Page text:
flying saucer
Don’t just leave it to the grown-ups. Heck, some of them can’t even pack for vacation without having a meltdown. Some of them can’t even watch the news on TV without going ballistic. How are they going to have the wits to jump aboard a hostile flying saucer or outsmart aliens that look like giant spiders? You know who has to show them how to use their new electronic gadgets. That’s right, so you’d better get prepared.

Doom Machine     The Doom Machine: a Novel / by Mark Teague

When Commander Xaafuun of the Skreepian Empire lands her flying saucer in rural Vern Hollow, New York in 1956 she’s intent on capturing The Special Item. Unfortunately, she doesn’t know exactly what it looks like or what it’s supposed to do. But she has her orders directly from the Queen. Get the Special Item and bring it back to Skreepia, and don’t stir up the native ooman bings. Unfortunately for Xaafuun, the saucer flew in low over the town and was seen landing nearby by quite a few ooman bings. Plus, since skreeps look like giant spiders, searching inconspicuously for the Item is difficult.

More bad news for the skreeps comes when Dr. Shumway’s station wagon breaks down on her way back to Boston from Utica, stranding the scientist and her daughter Isadora in Vern Hollow. Fortunately they stop at Creedle’s garage. Jack Creedle, in spite of his age, is one of the best mechanics around. Unfortunately, his Uncle Bud, who owns the garage, is the inventor of the Special Item that the skreeps want so desperately. Also, the Creedle family, as a clan, has a very unsavory reputation with the police. Nevertheless, these are traits that come in handy when Jack, Uncle Bud, Dr. Shumway, Isadora and the police are all scooped up by the skreeps and taken off planet.
Interstellar Pig     Interstellar Pig / William Sleator
The beach house Barney’s parents have rented for two weeks is too far from town for him. There’s no one for a sixteen-year-old to hang out with. He’s been staving off boredom by re-reading his old science fiction books, but then the landlord stops by and tells them that people used to say that the house was haunted, but before he finishes his story he rushes off to greet the new tenants of the house next door – tenants that were extremely disappointed when they learned that the house Barney’s staying in was already rented.

They make quite a favorable impression on his parents, who think that Zena, Manny, and Joe, are older and more sophisticated then Barney does; he thinks they may be college students. They’re all in excellent physical shape, but all they seem to want to do is play a board game called Interstellar Pig. It’s a science fiction role-playing board game. Each player is dealt a card with an alien character, you might be an arachnoid nymph from the planet Vavoosh or a species of carnivorous lichen from Mbridlengile, or an octopus-like gas bag, or a water-breathing gill man from Thrilb. Once you have your character you travel from planet to planet until the timer signals the end of the game, collecting cards for laser guns or for hyperspace drive, or a card to boost or lower your intelligence, or to force you to land on a poisonous planet. But the most important card is called the Piggy, and if you don’t have it in your hand at the end of the game, your planet is sucked out of existence and your species exterminated. It’s a cool game, with a very realistic board, by Barney doesn’t understand why his new neighbors are so obsessed with it, that is, until they all take a day trip to a nearby island and he finds a small box containing a small pink object. On it is carved a smiling face with one eye. “The vertical iris, inlaid in bright silver, gave the eye a piercing alertness. Crude as it was, the thing seemed alive. And it was the brutal wrongness of it, the mouth smiling with such placid idiocy, noseless, under the solitary eye, that made the face so repellent.”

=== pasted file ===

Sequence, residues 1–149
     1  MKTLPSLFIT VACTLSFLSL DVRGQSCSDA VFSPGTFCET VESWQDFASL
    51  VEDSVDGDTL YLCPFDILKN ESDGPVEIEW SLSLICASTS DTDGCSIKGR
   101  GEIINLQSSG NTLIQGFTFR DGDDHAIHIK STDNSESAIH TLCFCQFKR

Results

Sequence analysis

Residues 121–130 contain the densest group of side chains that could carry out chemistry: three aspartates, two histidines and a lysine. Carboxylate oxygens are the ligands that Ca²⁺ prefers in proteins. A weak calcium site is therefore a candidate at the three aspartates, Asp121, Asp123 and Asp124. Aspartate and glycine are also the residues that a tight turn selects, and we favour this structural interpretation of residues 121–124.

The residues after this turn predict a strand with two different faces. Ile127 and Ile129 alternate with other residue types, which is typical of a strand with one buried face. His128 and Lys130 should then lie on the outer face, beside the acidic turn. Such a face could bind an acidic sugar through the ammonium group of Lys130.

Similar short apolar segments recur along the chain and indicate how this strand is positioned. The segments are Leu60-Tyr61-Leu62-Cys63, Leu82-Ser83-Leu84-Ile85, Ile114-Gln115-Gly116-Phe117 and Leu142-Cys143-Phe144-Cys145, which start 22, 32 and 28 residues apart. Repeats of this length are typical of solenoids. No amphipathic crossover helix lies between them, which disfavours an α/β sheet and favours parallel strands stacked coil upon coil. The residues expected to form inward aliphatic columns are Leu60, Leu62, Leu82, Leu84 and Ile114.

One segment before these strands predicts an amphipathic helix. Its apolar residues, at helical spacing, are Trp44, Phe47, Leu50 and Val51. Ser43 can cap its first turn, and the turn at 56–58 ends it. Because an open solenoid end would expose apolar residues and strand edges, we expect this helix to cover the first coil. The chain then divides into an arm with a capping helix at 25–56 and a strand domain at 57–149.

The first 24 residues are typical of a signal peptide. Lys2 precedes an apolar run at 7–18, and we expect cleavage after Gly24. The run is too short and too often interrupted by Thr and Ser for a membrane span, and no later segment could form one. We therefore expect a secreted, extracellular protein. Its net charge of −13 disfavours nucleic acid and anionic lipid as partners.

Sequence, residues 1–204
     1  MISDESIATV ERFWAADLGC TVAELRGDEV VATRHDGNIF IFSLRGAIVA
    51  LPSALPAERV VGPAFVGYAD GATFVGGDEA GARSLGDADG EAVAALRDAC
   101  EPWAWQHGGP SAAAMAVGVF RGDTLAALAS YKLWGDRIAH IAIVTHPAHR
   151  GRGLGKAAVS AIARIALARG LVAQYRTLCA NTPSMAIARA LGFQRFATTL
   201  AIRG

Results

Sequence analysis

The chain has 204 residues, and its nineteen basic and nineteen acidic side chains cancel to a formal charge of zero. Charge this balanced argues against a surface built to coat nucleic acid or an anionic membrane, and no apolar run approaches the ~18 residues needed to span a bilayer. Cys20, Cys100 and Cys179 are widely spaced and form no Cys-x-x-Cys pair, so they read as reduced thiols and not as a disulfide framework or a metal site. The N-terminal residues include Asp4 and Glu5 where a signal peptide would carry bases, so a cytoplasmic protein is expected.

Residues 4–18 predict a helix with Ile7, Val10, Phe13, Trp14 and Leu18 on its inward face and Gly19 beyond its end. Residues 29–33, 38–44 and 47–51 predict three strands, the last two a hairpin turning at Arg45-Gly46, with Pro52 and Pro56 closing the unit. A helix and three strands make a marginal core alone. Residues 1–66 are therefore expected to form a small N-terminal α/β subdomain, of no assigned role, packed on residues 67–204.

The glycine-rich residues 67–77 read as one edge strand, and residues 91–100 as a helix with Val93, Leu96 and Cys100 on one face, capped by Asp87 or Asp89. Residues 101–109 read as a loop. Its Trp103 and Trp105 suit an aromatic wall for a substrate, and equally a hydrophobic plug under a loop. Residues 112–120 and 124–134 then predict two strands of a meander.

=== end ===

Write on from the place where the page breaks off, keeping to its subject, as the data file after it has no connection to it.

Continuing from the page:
Interstellar pig is a deliciously creepy read, like the chill you might get from an ice cube drawn down your sunburned back.

Have Space Suit--Will Travel     Have Space Suit—Will Travel / Robert A. Heinlein
Kip Russell is working in the soda shop hoping to earn some money for college. He enters the Skyway Soap contest that promises him a trip to the moon, a place he’s always wanted to go. He calculates that he can increase his chances with more entries, so he enters a few thousand. His reward is not the grand prize, but a prize nevertheless, a used space suit. The space suit turns into Kip’s summer before college hobby. He patches it up, uses the air compressor in the garage to pressurize it, adds a few improvements, and takes strolls though the back yard in the evening when the stars are out. It’s not quite like being on the moon, but it’s still fun, and he plans to sell the rebuilt suit back to the manufacturer for some tuition money in the fall. He even gives the suit a name, Oscar.

One late summer evening Kip gets into Oscar for a last walk around the yard. Just for fun he flicks on the radio, tuned to the frequency used by astronauts and calls out. Imagine his surprise when he gets an answer. And not just an answer, the next thing he knows a spaceship crashes in his back yard and out of it stumbles a very unworldly creature. She (Kip later comes to know her as the MotherThing) promptly collapses. Kip rushes over to offer assistance to a fellow astronaut. As he does so another spacecraft lands and out jump some very different aliens. They grab Kip and the MotherThing and hustle them off. They’ve been abducted by the worst sort of aliens, gangster aliens led by the evil crime boss known as Wormface. The prisoners are joined by a third victim, PeeWee, a spoiled rich, pre-teen girl who, incidentally, is also a genius. Next stop: a frigid cave on Pluto, but it’s not their last stop.